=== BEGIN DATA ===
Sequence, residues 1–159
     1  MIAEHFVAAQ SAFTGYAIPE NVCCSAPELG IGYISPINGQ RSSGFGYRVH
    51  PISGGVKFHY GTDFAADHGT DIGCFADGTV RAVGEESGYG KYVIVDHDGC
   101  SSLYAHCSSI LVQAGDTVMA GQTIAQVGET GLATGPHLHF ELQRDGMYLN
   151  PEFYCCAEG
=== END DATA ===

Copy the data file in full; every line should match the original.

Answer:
Sequence, residues 1–159
     1  MIAEHFVAAQ SAFTGYAIPE NVCCSAPELG IGYISPINGQ RSSGFGYRVH
    51  PISGGVKFHY GTDFAADHGT DIGCFADGTV RAVGEESGYG KYVIVDHDGC
   101  SSLYAHCSSI LVQAGDTVMA GQTIAQVGET GLATGPHLHF ELQRDGMYLN
   151  PEFYCCAEG